Don't Give Up on Rebounding
In Game 3, San Antonio collected 41.3 percent of available offensive rebounds. In Game 2, they collected 35.7 percent. In each of the other three games, they never collected more than 18.5 percent. Well, there's some nice, sweet high variability for you.
But here's the issue: San Antonio still won two of those three games where they collected less than 20 percent of available offensive rebounds. In each of those games, the Heat even collected at least eight percent more offensive rebounds on their own end, but they still couldn't get it done. Meanwhile, in that Game 2 where San Antonio collected 35.7 percent of offensive boards, Miami collected only 23.7 percent and still won by 19.
However, given the regular season stats, losing while rebounding that well isn't a phenomenon that happens regularly. Miami collected at least 80 percent of available defensive rebounds in 18 of their 82 games during the regular season; they went 15-3 in those contests. The three losses were a two-point defeat against the Knicks, a two-point defeat against the Warriors, and a loss to the Celtics where they shot their single-lowest eFG% all season. All of our numbers point towards limiting offensive rebounds leading directly to wins.
Grabbing 80 percent of defensive boards isn't out of the realm of possibility for the Heat; the Spurs' 20.5 percent offensive rebound rate finished next-to-last in the entire NBA during the regular season. And if a high defensive rebounding night occurs, we'd expect the result to be more similar to the higher sample size (aka, that 15-3 regular season record) than the 1-2 mark this series.
Drive to the Bucket
What happened to those Miami Heat teams that loved to drive to the bucket? I think they got lost somewhere on South Beach somewhere before the start of the Indiana series.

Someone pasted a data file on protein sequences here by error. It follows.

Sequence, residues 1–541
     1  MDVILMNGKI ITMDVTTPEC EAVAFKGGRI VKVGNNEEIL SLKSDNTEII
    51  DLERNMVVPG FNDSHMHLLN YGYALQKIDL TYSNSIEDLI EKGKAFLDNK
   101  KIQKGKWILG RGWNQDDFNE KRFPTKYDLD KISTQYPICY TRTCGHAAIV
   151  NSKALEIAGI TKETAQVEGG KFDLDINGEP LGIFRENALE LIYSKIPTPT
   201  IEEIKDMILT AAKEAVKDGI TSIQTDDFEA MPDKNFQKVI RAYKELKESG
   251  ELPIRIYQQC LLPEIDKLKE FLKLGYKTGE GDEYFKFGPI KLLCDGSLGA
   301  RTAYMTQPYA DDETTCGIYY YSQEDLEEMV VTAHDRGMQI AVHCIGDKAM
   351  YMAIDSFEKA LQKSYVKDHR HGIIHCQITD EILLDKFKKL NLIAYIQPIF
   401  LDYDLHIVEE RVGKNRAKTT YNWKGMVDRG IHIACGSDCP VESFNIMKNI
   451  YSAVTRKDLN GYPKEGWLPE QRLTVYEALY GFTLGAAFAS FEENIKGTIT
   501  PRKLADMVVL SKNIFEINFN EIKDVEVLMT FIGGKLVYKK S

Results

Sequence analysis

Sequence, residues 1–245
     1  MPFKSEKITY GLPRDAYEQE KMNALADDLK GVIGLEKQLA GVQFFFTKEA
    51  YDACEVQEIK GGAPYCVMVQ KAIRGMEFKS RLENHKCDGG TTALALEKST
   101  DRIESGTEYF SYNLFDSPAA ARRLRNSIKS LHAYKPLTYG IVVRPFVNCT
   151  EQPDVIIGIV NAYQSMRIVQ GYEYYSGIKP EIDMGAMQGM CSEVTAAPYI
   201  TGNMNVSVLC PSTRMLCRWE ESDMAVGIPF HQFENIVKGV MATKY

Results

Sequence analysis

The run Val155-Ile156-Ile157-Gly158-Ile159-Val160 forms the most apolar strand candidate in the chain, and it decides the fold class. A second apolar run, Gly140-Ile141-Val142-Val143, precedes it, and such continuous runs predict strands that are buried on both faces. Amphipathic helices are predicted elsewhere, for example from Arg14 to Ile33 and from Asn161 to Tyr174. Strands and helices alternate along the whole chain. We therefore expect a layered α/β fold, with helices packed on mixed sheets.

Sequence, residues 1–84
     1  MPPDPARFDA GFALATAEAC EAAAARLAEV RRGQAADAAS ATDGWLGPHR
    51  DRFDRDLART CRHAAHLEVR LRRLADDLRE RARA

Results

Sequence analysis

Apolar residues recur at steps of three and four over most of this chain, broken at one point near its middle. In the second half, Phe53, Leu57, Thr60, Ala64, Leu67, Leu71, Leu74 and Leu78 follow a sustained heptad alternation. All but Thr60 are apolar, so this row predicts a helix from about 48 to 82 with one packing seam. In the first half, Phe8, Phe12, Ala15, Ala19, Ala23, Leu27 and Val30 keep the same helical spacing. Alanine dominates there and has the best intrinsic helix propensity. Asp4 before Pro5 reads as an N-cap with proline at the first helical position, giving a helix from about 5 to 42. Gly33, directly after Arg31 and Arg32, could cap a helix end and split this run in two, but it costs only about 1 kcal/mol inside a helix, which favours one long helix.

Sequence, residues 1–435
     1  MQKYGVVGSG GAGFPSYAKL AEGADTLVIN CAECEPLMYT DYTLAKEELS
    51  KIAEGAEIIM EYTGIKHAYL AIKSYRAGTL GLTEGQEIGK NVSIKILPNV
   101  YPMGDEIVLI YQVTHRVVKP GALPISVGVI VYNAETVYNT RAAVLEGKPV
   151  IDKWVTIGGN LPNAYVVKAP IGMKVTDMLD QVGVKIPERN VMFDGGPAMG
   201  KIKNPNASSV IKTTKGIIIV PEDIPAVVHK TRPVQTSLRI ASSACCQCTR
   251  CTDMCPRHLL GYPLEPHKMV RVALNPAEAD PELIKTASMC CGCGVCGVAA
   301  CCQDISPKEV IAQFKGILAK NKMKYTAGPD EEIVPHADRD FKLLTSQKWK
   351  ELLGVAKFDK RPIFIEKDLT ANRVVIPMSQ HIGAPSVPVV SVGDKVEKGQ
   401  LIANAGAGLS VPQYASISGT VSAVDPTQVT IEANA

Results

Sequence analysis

Free throw factor, which takes a team's total made free throws and compares them with how many field goals a team takes (formula: FT/FGA), helps provide a look into how often a team gets free points compared to how often they settle for less efficient shots. The Heat were one of the best teams in the NBA at getting to the line this season, finishing with a sixth-best FT Factor at .222. That efficiency contributed directly to a 1.123 points-per-possession average that sat second in the NBA behind Oklahoma City.
But then they ran into San Antonio and the Spurs' third-best .179 defensive FT factor. Miami's .221 FT factor from Game 5 was actually their best of the series: they haven't topped their season average free throw efficiency rate once during the entire series. That includes an absolutely atrocious .093 free-throw factor from Game 3, when the Heat attempted 76 field goals but only actually made seven free throws.
According to basketball stats genius Dean Oliver, a team's free throw factor makes up about 15 percent of a team's overall success. That's 15 percent that the Heat are essentially conceding to the Spurs at the start, and in order to become truly competitive, they will need to reclaim their regular season free throw dominance.